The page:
Harmony Center ‘complicates’ election

  • 2011-09-07
  • From wire reports

RIGA - The U.S. Embassy in Latvia in 2009 had expressed concern about the increased influence of Harmony Center (SC) and called the possible inclusion of SC in the government “a challenge,” according to a Wikileaks published report to the U.S. State Department from the embassy, reports LETA.

The report states that the influence of left-wing parties, particularly that of the ethnic Russian-represented SC, “is increasing.” Since SC gained the Riga mayoral position, its popularity has increased, and its populist economic proposals seem more attractive during the crisis. It is also based on the inability of the governing coalition to provide a coordinated economic plan. But SC’s connections with Moscow stifle its political prospects, for example, as seen in the 2010 national elections.

SC had expressed readiness to break away from the opposition and work in the government. To achieve that it would be necessary to cooperate with a Latvian party because SC alone cannot gain 50 mandates in the elections. Coalition partner in the Riga City Council, Ainars Slesers’ party LPP/LC, is stated as one of the most probable partners, according to the report.
It also states that Harmony Center’s foreign affairs policy and several activities, for example, its cooperation agreement with the Russian party United Russia, complicates its domestic policy strategy. The agreement raises suspicion among Latvians, whether SC represents the political and business interests of Moscow. The Embassy has no doubt that SC is oriented towards improving political and economic relations with the eastern neighbor. There is also suspicion that SC receives support from the media and possibly also direct financial support from Russia.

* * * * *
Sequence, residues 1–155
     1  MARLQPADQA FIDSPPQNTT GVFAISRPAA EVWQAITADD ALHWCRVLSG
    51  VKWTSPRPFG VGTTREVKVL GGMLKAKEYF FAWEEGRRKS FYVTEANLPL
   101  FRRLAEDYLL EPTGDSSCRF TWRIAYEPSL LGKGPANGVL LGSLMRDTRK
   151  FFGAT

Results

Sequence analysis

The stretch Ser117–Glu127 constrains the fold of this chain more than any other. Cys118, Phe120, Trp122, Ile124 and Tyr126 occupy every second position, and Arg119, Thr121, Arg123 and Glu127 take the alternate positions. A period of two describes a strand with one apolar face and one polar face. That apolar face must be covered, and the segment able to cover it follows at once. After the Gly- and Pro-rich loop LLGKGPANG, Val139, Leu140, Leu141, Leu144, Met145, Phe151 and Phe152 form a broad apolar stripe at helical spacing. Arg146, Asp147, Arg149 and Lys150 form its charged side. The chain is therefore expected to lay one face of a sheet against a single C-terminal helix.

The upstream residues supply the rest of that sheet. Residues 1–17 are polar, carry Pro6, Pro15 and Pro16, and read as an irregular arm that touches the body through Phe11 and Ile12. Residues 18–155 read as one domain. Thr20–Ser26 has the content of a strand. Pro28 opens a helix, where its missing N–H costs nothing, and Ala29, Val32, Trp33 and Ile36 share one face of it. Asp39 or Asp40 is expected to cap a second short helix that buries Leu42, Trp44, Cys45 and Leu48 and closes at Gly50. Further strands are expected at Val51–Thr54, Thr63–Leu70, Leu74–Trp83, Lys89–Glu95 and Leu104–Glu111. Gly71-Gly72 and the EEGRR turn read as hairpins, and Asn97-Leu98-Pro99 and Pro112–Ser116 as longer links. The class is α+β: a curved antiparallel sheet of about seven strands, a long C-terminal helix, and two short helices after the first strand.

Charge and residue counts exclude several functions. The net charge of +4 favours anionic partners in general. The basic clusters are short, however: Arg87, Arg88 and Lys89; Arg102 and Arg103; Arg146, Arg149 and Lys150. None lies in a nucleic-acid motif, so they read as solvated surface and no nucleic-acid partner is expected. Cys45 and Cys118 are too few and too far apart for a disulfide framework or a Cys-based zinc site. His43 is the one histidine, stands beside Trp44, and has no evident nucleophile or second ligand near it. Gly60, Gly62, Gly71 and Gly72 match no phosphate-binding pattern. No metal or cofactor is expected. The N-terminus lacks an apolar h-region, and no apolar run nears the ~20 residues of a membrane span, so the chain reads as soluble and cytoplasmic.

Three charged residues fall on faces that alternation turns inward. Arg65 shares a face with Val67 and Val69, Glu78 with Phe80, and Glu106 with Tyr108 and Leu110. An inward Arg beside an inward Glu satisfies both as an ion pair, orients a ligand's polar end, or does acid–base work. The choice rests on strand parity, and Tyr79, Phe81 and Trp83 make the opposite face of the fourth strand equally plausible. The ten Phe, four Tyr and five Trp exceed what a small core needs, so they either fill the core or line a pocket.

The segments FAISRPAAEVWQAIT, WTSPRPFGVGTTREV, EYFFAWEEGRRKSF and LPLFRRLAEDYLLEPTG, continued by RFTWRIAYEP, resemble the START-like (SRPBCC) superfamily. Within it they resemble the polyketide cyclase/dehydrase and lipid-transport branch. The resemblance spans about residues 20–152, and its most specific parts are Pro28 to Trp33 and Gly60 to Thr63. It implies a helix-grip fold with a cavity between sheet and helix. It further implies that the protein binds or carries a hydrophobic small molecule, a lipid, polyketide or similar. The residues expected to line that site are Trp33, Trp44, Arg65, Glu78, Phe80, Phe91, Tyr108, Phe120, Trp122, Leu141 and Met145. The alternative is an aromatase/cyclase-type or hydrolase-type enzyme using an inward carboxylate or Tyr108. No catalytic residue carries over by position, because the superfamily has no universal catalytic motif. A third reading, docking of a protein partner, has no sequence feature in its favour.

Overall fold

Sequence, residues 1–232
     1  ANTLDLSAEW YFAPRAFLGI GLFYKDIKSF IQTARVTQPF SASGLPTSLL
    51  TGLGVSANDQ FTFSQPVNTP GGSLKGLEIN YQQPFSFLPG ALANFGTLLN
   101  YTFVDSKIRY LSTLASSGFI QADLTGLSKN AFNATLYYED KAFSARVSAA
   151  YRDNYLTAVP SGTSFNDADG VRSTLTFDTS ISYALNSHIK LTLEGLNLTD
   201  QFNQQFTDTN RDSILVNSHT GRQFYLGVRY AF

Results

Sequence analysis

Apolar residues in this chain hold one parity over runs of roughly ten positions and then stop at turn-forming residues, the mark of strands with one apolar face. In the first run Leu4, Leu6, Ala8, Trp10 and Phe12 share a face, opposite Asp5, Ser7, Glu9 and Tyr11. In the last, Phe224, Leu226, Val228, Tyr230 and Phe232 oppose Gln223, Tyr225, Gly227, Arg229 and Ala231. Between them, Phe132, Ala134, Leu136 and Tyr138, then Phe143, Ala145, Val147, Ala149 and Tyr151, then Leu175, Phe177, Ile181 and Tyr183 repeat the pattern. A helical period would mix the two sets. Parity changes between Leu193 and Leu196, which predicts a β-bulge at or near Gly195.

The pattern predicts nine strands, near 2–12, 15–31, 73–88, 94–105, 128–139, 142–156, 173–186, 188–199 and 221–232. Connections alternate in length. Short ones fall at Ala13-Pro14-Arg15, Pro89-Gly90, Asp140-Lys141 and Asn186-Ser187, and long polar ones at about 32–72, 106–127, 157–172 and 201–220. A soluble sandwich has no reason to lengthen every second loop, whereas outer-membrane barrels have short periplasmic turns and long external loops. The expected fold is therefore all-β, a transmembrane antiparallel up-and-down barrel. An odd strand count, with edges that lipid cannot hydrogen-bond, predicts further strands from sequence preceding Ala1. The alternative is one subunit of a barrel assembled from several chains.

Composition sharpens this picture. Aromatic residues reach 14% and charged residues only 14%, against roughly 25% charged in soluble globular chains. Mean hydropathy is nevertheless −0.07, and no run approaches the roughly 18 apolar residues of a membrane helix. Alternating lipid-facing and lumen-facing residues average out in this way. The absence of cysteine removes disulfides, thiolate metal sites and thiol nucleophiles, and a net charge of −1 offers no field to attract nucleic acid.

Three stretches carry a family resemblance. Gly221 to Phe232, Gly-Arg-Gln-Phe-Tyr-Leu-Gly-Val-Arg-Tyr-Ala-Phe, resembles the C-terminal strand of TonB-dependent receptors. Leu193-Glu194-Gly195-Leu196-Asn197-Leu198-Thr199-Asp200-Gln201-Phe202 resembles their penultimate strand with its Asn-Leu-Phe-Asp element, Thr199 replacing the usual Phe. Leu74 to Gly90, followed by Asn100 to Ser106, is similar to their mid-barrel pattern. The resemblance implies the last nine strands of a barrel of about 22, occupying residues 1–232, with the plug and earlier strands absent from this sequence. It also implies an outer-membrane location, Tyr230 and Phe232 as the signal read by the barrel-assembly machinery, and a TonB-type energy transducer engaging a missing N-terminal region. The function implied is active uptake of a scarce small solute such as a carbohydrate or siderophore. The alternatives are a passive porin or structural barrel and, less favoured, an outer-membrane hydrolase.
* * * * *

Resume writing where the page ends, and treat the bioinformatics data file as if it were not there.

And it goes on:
The report also points out that SC has several times called to withdraw Latvia’s forces from Afghanistan.
The Embassy does not expect dramatic changes in the policy of Harmony Center, but it hopes that it might influence the party’s stance. However, the Embassy prepares for the real possibility that a Moscow-guided party might participate in the government of a NATO country. The characteristics of Latvian coalitions makes the chance of SC ruling one of the “power” ministries (Defense, Foreign Affaires, Justice, Finance) quite improbable, but any SC participation in the government might cause difficulties, states the report.

Foreign Minister Girts Valdis Kristovskis (Unity), taking into account these worries, announced during a press conference on Sept. 5 that the Foreign Ministry, after the 11th Saeima elections, “must still be led by nationally-oriented right-wing political forces.”

Kristovskis believes that Harmony Center, which hopes to win the next elections, has not shown itself as a “mature political force.” The minister is concerned about Harmony Center’s “unclear formulation of Latvia’s totalitarian past.”
Harmony Center will not “adequately express the nation’s interests,” points out Kristovskis.

He also claimed that, during his term in office, he has not made any significant mistakes and, instead, has come up with several valuable initiatives in how to increase the role of the diplomatic service to protect the country’s economic interests, attract foreign investment, and expand on foreign markets.